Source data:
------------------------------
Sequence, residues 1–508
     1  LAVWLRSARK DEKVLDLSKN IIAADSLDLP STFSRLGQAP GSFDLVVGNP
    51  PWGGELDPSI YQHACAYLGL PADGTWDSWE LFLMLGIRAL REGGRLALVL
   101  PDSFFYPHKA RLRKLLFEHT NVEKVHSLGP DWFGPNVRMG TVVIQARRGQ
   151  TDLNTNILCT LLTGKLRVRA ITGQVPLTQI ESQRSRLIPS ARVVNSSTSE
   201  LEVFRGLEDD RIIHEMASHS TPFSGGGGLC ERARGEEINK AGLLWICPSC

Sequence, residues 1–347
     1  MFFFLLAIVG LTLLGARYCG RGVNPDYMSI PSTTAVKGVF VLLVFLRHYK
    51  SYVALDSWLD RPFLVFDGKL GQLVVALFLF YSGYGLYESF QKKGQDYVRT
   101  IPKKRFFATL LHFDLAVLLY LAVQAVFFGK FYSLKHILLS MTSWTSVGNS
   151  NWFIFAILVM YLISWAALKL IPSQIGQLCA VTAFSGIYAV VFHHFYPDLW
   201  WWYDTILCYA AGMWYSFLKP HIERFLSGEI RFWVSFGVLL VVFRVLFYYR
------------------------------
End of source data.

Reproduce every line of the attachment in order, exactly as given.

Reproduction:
Sequence, residues 1–508
     1  LAVWLRSARK DEKVLDLSKN IIAADSLDLP STFSRLGQAP GSFDLVVGNP
    51  PWGGELDPSI YQHACAYLGL PADGTWDSWE LFLMLGIRAL REGGRLALVL
   101  PDSFFYPHKA RLRKLLFEHT NVEKVHSLGP DWFGPNVRMG TVVIQARRGQ
   151  TDLNTNILCT LLTGKLRVRA ITGQVPLTQI ESQRSRLIPS ARVVNSSTSE
   201  LEVFRGLEDD RIIHEMASHS TPFSGGGGLC ERARGEEINK AGLLWICPSC

Sequence, residues 1–347
     1  MFFFLLAIVG LTLLGARYCG RGVNPDYMSI PSTTAVKGVF VLLVFLRHYK
    51  SYVALDSWLD RPFLVFDGKL GQLVVALFLF YSGYGLYESF QKKGQDYVRT
   101  IPKKRFFATL LHFDLAVLLY LAVQAVFFGK FYSLKHILLS MTSWTSVGNS
   151  NWFIFAILVM YLISWAALKL IPSQIGQLCA VTAFSGIYAV VFHHFYPDLW
   201  WWYDTILCYA AGMWYSFLKP HIERFLSGEI RFWVSFGVLL VVFRVLFYYR